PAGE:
Avoid foods like mushrooms, onions and avocado, as these have been reported as toxic to birds. Do not feed your bird chocolate, coffee or tea because of the caffeine content. Too much caffeine can cause seizures and collapse because it can speed up the heart rate. It can also affect the kidneys, causing high urine output and leading to dehydration. Dairy products are not digested well by birds, and because they are lactose intolerant they do not tolerate milk based products. Small amounts of cheese, as I mentioned before, are okay as an occasional treat. If you are giving your parrot any food items from your own dinner plate, make sure that there is not too much table salt on them, otherwise your bird will become thirsty and need to drink more water to enable more urine output. Do not feed any carbonated or alcoholic beverages at all.

Grit

It very much depends on your species of bird whether you should be giving it grit or not. Hook bills (all parrots and parakeets), canaries, and most finches hull their seeds (take the outer shell off), and therefore do not need grit to help them break the food down. It has been common practice until recently that budgies and cockatiels are given grit, but it is of no benefit to them, and can cause serious crop problems and impactions. However, other birds, such as quail, chickens, and doves do require grit to digest their food, and should always have a supply of grit or sand.

Mineral Blocks & Cuttlefish Bones

A mineral block is usually put into the cage to provide calcium and other minerals, and can be pretty good for your bird to clean his/her beak on (unless the mineral block is brown and the bird is white!). A mineral block is usually a good idea, but make sure that the mineral block does not have added activated carbon (no benefit for your bird unless your bird eats something poisonous).

Cuttlefish bone is often sold in pet stores as a calcium source for birds, but the calcium it contains is not easily absorbed by birds. It makes a good chewing/shredding toy for the birds, but that's about it. If your bird only has a cuttlefish bone in their cage for the calcium, it is important that you supplement with other calcium sources, such as boiled eggshells and a more effective calcium and vitamin D3 supplement.

Vitamin Supplements

It is advisable to include a vitamin supplement in your bird's diet if the bird will only accept a seed based diet with limited intake of fruits, vegetables & other food items. They can help to make up for important vitamins lacking in the diet, and can be used whilst trying to convert the bird to eating a more well balanced diet. These supplements can be given regularly, once a week. The liquid supplements that are administered in the bird's water are more affective than the power supplements that get sprinkled onto the food, as the powder sticks to the shell of the seed, which is discarded by the bird. However, problems can arise if water that has been enriched with a vitamin supplement it left more than 12 hours, as a rapid bacterial growth can occur. It is therefore vitally important that bowl hygiene is carried out regularly to avoid this.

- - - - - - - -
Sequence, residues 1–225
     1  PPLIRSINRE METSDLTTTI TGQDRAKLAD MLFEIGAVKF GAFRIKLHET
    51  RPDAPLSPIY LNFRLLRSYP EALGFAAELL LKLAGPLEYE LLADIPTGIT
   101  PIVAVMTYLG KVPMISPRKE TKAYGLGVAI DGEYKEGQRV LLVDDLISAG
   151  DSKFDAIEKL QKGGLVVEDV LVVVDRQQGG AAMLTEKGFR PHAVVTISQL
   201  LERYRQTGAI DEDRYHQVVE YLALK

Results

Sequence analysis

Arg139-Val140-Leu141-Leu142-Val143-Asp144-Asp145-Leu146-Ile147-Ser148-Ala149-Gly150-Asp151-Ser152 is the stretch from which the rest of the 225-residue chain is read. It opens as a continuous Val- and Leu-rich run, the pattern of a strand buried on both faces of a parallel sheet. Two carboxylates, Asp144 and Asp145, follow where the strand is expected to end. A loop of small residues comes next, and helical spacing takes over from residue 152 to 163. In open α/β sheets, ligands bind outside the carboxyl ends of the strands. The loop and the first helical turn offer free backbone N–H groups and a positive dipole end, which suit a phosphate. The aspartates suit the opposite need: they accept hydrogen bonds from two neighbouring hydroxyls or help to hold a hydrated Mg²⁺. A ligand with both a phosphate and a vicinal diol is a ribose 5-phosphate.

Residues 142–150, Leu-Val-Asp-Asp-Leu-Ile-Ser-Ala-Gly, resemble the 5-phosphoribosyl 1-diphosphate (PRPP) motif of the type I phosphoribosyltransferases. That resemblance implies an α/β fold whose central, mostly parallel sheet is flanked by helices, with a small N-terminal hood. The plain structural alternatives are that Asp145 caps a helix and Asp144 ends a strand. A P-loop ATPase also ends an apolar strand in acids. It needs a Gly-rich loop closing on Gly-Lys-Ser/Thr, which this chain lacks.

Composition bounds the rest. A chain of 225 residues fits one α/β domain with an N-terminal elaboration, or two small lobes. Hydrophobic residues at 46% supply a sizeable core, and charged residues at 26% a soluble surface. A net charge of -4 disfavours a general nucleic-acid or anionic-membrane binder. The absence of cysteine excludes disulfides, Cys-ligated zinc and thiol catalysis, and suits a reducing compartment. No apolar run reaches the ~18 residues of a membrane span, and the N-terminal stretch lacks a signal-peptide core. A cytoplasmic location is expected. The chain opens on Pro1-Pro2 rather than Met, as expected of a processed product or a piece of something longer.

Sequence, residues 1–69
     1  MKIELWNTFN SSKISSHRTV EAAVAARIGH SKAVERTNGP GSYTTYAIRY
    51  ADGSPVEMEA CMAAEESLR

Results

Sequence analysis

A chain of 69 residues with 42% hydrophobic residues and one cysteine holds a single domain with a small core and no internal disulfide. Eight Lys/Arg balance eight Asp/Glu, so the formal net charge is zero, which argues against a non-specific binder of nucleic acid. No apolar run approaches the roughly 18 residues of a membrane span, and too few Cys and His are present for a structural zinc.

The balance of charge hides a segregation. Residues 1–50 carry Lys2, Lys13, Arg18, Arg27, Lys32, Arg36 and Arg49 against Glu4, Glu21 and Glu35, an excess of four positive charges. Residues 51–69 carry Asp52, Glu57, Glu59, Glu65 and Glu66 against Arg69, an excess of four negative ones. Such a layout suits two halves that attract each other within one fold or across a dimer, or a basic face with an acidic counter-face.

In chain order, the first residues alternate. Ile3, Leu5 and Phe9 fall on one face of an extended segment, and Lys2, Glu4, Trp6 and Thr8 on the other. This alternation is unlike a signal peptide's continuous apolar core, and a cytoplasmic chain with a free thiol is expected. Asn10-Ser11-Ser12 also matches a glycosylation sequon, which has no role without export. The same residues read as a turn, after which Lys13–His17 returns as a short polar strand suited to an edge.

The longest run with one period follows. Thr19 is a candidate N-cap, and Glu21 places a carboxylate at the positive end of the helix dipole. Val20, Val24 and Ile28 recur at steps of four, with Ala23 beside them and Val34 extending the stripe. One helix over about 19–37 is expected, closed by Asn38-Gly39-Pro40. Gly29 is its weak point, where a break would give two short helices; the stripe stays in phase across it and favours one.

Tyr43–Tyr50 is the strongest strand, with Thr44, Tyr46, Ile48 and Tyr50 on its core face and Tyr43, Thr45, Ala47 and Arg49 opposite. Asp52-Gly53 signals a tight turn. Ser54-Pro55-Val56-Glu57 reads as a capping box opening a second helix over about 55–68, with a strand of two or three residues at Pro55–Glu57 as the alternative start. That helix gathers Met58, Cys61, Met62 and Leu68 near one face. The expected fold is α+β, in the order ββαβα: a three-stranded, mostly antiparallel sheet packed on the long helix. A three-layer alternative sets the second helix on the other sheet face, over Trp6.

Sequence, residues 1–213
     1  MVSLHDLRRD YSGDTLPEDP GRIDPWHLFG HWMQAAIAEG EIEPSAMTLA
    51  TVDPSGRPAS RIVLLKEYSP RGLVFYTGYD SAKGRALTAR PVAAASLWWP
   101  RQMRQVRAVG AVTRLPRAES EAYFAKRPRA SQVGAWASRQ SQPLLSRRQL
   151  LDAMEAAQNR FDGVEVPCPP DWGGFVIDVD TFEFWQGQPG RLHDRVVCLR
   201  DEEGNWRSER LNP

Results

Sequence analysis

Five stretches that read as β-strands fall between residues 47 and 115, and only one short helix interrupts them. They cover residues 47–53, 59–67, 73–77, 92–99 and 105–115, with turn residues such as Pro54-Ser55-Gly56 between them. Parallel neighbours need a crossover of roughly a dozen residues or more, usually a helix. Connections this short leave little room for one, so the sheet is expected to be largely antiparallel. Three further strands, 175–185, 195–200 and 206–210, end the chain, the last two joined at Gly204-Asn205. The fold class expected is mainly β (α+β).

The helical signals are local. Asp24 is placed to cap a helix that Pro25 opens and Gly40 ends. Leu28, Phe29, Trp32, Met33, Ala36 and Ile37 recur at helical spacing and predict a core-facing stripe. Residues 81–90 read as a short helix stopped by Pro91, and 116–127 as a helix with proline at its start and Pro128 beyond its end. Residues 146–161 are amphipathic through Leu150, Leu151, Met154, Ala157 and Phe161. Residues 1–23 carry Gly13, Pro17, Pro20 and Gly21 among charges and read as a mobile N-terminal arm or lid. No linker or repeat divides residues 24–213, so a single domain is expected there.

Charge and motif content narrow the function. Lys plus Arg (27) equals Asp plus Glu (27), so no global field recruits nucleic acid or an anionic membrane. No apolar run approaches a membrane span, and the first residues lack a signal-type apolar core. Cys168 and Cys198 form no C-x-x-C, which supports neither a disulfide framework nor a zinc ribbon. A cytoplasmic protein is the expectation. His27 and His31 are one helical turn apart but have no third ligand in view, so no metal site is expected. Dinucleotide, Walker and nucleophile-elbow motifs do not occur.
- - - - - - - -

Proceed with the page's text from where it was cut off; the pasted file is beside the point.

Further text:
Water soluble supplements are not to be confused with water administrated medications. Supplying added vitamins to a deficient diet via the water can be a great way to get a fussy eater to consume much needed vitamins and minerals. But with medications, it is never recommended to administer in the water because the bird needs to consume a specific dosage of medication that is not assured by this method. For more information on this, please refer to our Tailfeathers article: Medicating Pet Birds Orally.

Nectar-Based Diets

Some parrots, like Lorikeets, Hanging Parrots, and also Eclectus require some nectar in their diet. In the wild they eat fruit, flowers, pollen and nectar, some seeds, and also a very limited amount of insects. In captivity, you can purchase a reputable nectar mix that you make up by mixing a powder into water. This mix needs to be changed at least 2-3 times a day because it can go off very quickly. A dry powdered diet is also available, but it can be difficult to wean these bird onto it, therefore not all birds will accept it. The main benefit of this diet as opposed to the nectar is that the bird produces less mess (nectar diets cause runny poop). A bird on a powder diet must have access to fresh, clean water, as the bird will usually consume the powder, then drink lots of water. These types of diets need to be supplemented with fruits and flowers.

Thank you to DizzyDezzy for providing some additional information.
All photo credits go to Lee-Anne, Birdmad Girl.